What is the epidermis: definition, layers and structure
The outer layer of the human body, as, indeed, any other living thing, has a complex structure. The skin consists of several different layers of cells, each of which has its own role. Probably many people know what the epidermis is. This is the topmost, visually visible layer of the skin. It is the state of this layer that the ladies constantly look after, trying to stay young and beautiful for many years. To do this, some beautiful young ladies conduct daily home sessions of cleansing, moisturizing or nourishing treatments. Many representatives of the beautiful half of humanity attend specialized beauty salons, where they are provided with various comprehensive services for the return of beauty, youth and skin health.
Of course, the use of all kinds of nourishing creams and anti-aging lotions is, of course, very good and useful for the outer membranes of our body.However, young beauties often forget that the skin receives the main nourishment from the deeper layers of the epidermis. Internal tissues also contribute to regular skin renewal.
The structure of the skin
It is believed that the skin - these are three layers of cells, tightly adjacent to each other. These include layers of the epidermis, dermis and subcutaneous tissue. The outer epithelial cover, in turn, also consists of five main layers. The layers of the epidermis of the skin are the basal, prickly, granular, shiny and horny zones. Here, the capillaries and blood vessels are completely absent, and the skin receives the main nourishment from a deeper layer, the dermis. The listed layers consist of cells that differ in shape, geometry, and structure; nevertheless, the main component that is present in each of them is keratinocytes.
Interestingly, the thickness of the skin can vary significantly. Depending on the location of the studied area, it can vary from 0.07 mm to 1.5 mm. The most dense layer of skin in any person is located on the palms and feet, and the thinnest and most delicate skin is in the area of the eyes, abdomen, pubis and underarms, as well as on the ears. Now, knowing what the epidermis is, let's take a closer look at its multilayer structure.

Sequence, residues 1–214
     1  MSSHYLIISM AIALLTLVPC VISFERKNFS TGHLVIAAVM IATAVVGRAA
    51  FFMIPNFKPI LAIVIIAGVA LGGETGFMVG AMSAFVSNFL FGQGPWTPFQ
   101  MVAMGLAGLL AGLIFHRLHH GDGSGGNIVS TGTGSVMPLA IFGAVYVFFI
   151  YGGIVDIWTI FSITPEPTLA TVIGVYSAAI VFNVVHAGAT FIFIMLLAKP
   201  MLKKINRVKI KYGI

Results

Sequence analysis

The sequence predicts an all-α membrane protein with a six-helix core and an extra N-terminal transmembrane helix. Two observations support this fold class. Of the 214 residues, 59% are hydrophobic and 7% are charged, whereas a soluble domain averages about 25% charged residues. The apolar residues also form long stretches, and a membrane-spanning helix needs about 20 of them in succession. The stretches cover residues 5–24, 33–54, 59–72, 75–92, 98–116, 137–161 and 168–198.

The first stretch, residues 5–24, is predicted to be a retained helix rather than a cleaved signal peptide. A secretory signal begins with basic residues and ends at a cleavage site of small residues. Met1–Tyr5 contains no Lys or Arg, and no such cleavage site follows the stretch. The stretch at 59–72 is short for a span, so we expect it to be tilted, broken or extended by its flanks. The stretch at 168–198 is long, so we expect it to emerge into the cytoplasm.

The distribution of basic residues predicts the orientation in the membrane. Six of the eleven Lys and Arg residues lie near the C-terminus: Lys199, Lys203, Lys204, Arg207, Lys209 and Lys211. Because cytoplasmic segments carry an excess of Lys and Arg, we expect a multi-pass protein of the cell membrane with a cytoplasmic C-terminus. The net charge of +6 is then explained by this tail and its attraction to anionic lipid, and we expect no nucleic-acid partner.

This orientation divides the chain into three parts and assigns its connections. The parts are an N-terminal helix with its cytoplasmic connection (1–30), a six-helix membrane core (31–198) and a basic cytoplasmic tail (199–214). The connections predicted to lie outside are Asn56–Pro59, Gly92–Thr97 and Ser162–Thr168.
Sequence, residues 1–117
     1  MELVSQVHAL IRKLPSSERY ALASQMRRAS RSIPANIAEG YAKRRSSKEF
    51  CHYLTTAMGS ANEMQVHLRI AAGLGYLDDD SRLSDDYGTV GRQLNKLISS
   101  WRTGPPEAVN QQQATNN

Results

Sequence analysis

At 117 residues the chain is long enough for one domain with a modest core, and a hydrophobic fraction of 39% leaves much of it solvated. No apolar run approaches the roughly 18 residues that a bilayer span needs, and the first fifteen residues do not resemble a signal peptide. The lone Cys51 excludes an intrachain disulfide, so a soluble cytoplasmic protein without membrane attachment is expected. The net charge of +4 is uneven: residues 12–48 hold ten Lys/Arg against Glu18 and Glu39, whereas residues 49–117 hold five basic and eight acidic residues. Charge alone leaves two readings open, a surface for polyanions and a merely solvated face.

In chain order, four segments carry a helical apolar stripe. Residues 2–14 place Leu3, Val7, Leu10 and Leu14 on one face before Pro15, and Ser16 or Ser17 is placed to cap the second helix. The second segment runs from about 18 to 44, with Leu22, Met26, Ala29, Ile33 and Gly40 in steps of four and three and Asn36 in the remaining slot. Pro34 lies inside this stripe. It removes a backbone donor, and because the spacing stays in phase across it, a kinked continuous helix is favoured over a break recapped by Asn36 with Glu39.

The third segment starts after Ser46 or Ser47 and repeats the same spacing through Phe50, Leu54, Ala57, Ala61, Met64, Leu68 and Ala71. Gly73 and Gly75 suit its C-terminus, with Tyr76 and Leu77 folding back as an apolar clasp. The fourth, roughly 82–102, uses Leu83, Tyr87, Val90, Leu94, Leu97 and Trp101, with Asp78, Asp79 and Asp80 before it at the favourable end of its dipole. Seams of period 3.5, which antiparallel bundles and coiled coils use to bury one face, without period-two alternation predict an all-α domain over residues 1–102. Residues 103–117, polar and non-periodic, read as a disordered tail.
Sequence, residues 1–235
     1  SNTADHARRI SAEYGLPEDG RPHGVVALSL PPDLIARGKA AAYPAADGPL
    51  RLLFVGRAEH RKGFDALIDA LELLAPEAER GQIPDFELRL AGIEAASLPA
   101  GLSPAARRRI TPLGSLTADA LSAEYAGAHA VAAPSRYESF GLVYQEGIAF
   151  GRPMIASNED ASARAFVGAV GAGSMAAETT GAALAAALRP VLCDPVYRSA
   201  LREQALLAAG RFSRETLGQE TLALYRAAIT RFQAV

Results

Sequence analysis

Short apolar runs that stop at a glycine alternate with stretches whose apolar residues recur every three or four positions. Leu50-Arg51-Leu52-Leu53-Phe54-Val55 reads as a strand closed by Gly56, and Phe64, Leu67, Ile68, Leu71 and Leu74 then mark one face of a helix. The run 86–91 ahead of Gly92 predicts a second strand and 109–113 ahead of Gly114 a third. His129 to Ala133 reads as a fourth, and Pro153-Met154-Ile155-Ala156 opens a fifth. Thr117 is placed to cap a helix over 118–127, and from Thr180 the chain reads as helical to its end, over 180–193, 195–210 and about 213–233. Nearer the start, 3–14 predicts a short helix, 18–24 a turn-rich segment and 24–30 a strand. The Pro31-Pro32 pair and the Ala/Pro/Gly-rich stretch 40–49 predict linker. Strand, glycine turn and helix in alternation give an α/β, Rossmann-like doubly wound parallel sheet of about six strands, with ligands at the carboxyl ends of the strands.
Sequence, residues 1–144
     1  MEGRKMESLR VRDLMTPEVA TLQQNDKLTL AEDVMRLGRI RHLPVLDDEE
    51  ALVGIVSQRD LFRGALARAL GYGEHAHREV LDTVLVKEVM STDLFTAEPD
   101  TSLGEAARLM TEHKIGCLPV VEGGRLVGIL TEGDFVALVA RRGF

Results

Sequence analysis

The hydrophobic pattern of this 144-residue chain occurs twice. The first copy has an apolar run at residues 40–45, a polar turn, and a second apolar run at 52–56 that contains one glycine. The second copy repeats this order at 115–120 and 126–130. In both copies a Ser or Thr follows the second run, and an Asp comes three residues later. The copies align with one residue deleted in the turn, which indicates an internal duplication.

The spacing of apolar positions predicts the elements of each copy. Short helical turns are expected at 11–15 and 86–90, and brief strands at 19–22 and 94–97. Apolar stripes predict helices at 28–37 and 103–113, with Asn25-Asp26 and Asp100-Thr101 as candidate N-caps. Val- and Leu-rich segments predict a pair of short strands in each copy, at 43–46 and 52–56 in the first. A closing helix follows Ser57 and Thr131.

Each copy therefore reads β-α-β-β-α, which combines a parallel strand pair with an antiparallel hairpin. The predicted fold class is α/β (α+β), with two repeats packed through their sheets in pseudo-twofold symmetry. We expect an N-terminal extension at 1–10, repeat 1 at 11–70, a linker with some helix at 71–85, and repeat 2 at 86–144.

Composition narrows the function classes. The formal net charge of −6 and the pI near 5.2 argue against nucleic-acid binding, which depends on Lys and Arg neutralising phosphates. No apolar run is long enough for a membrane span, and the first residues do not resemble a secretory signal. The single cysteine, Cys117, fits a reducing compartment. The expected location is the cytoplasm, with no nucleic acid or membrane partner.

The outermost uppermost layer of the epidermis consists of 15–20 rows of tightly attached lifeless cells - corneocytes. There is no metabolism, as there are no organelles in the cells and they are filled with solid insoluble protein - keratin. The outer skin is considered a barrier, since its cells have a protective property to protect the underlying tissue from drying out, bacterial attacks and the harmful effects of the environment. Under the influence of some aggressive factors, the thickness of this layer of the epidermis may increase slightly, increasing the degree of protection.
For some time, the stratum corneum remains holistic due to the interaction between the cells and the extracellular fat (lipid layer). Gradually, this connection is broken, and the skin cells begin to peel off.
Brilliant, or Eleidin, layer
The thinnest, bright, uniform layer, which may not always be pronounced. In addition to corneocytes, the main component here will be eleidin, which is a product for further keratinization of cell masses.The layer consists of no more than four rows of nuclear-free, almost flat cells. It is found mainly in those areas of the skin where additional friction occurs - on the feet of the feet and the palms.
A very thin layer of small, flattened, slightly elongated diamond-shaped cells with transparent nuclei. They have already lost the ability to divide, and in their composition the presence of organoids is reduced and keratogyalin appears - the product for the formation of keratin. The main purpose of this layer is to secrete extracellular fats, which will subsequently fasten the horny cells of the epidermis of the face, hands, neck and other skin areas. In addition, the developed lipids will protect the skin from dehydration and aggressive environmental factors.